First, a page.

Posts Tagged: Charity communications

Should charities have lists of banned words?

“We prefer not to use the word celebrity”, a fundraiser for a major NGO told me some time ago. I’d used the phrase “celebrity supporters” in a magazine I was editing for the charity. The charity made much use of high-profile celebrities. She wanted it changed.

What can we use instead? Something like, “our friends and supporters from the worlds of music, fashion, sport and media”, was her suggestion. Read more on Should charities have lists of banned words?…

Does your charity do what it says on the tin?

In recent weeks, the news has been dominated by stories of A&E waiting times and pressure on the NHS. Pledges of additional funding and claims to be the only party who can tackle the problem are rife. But there is another side to the problem, which is the lack of funding for social care, which has crept in to only some of the media coverage and government debate on the issue.  Read more on Does your charity do what it says on the tin?…

What living with cancer taught me about the role of charity

In June 2013, I began work as the chief executive of a small charity. It was a steep though enjoyable learning curve. Then, four months later, I was diagnosed with breast cancer. Read more on What living with cancer taught me about the role of charity…

Charities should be leaders, not followers on social media

Newsjacking: we’re all guilty of it – composing a tweet to share or devising a little witticism (#ReplaceFilmTitleWithBacon anyone?) in an attempt to stay on top of the hot topic of conversation. All harmless fun.

This behaviour extends to brands and of course charities, with a few recent cultural memes including #IceBucketChallenge, #WakeUpCall and #NoMakeUpSelfie. But in the midst of all this viral media fervour, are we losing sight of what really matters when it comes to campaigning and fundraising on social media? Read more on Charities should be leaders, not followers on social media…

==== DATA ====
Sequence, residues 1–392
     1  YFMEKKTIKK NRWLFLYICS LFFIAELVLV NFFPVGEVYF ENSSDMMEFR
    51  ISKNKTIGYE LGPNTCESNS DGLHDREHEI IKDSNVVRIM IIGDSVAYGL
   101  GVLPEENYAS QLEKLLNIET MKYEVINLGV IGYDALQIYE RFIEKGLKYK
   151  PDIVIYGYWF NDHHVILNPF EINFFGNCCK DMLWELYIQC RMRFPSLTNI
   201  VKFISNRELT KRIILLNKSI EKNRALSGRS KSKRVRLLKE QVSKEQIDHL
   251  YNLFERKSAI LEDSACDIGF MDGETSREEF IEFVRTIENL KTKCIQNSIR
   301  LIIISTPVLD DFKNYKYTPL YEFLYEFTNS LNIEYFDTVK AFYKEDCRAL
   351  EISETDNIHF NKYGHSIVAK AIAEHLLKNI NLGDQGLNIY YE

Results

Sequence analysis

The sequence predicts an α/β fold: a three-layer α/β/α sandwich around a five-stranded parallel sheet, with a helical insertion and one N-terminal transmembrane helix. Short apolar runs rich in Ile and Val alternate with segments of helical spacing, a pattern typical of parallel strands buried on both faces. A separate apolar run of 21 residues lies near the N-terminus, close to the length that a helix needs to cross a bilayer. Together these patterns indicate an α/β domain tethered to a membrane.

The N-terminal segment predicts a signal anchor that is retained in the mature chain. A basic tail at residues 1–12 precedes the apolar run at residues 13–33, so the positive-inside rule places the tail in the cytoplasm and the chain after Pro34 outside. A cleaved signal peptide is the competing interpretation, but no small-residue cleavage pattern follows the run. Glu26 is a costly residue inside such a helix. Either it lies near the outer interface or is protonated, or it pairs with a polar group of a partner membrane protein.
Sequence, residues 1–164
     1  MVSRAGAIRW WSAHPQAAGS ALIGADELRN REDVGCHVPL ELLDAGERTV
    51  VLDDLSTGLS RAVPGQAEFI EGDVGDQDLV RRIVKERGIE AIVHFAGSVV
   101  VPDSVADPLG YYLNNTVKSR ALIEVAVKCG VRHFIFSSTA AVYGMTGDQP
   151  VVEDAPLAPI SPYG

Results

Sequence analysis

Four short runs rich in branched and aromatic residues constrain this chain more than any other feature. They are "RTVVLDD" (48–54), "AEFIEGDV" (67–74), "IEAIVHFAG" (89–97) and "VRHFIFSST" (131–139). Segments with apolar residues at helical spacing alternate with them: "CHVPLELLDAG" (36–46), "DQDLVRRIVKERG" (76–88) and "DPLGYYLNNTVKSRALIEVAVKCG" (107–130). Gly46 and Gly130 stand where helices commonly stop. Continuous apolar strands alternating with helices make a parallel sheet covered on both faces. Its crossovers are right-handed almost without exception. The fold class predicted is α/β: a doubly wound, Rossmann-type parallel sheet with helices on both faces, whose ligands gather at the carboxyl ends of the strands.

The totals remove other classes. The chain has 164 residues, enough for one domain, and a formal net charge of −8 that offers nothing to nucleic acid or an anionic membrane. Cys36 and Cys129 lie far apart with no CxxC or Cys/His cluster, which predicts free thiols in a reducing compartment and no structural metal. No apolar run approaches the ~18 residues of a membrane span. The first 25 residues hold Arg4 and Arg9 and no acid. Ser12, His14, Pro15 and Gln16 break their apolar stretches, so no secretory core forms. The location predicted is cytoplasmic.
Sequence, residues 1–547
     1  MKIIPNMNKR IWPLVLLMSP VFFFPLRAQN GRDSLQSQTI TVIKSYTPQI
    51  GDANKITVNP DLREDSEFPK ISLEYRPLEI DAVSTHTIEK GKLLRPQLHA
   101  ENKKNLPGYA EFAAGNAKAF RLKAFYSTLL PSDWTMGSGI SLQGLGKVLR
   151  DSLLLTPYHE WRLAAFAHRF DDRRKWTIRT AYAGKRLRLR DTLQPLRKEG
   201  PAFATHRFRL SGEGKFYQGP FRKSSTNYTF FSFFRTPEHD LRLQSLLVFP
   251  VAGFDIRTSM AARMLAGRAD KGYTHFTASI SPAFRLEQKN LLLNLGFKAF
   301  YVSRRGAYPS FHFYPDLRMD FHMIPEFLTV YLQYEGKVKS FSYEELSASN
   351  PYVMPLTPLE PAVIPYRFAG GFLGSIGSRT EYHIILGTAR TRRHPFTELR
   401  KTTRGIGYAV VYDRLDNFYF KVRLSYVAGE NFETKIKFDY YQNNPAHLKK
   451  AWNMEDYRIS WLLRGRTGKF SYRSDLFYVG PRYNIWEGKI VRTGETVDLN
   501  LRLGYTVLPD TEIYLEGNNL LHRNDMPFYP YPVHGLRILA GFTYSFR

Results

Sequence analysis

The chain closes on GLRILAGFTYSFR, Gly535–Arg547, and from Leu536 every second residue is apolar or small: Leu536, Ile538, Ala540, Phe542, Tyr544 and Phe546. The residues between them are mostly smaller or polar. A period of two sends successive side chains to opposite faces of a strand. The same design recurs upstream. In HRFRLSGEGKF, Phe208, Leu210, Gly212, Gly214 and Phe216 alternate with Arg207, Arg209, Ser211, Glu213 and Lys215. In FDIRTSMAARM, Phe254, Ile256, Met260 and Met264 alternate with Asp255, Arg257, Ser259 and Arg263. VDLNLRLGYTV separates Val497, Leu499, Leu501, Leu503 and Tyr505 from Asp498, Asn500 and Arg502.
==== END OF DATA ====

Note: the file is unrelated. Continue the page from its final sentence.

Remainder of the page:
Now the Electoral Commission is acting like a spy

Taking a stand and speaking truth to power takes some courage. When the response of those in power is an overbearing and disproportionate attempt to shut you up, you can bet it is because what you are saying is an uncomfortable truth.

So we have the chancellor, George Osborne, in his Tory party conference speech this month, calling on business to take a stand against the charity sector, as though it were some fifth column. McCarthyesque. Read more on Now the Electoral Commission is acting like a spy…

Scotland: it was feelings wot won it. Remember that, charities

The deciding factors in the Scottish referendum were all about emotion and not the rational arguments, no matter what politicians would have you believe.

Now that it is decided and the United Kingdom is still united, the experience of the campaign is a good reminder to charities that leading with the facts is not the right way to connect with and engage the public. The political noise and debate may have been all about the economy, the currency and the viability of an independent Scotland. But it all boiled down to how it made people feel. Read more on Scotland: it was feelings wot won it. Remember that, charities…

Does the colour of a charity’s branding really matter?

Breast cancer charities were last month warned that using pink in their advertising, communications and branding is counterproductive. It’s an interesting theory, from a response point of view as much as a creative one.

According to a report put together by none other than London Business School, Rotterdam School of Management, Erasmus University and international business school INSEAD, gender cues such as pink ribbons, backgrounds and images of women are counterproductive and ‘activate a defensive reaction’ in women that interferes with the objectives of breast cancer awareness campaigns. Read more on Does the colour of a charity’s branding really matter?…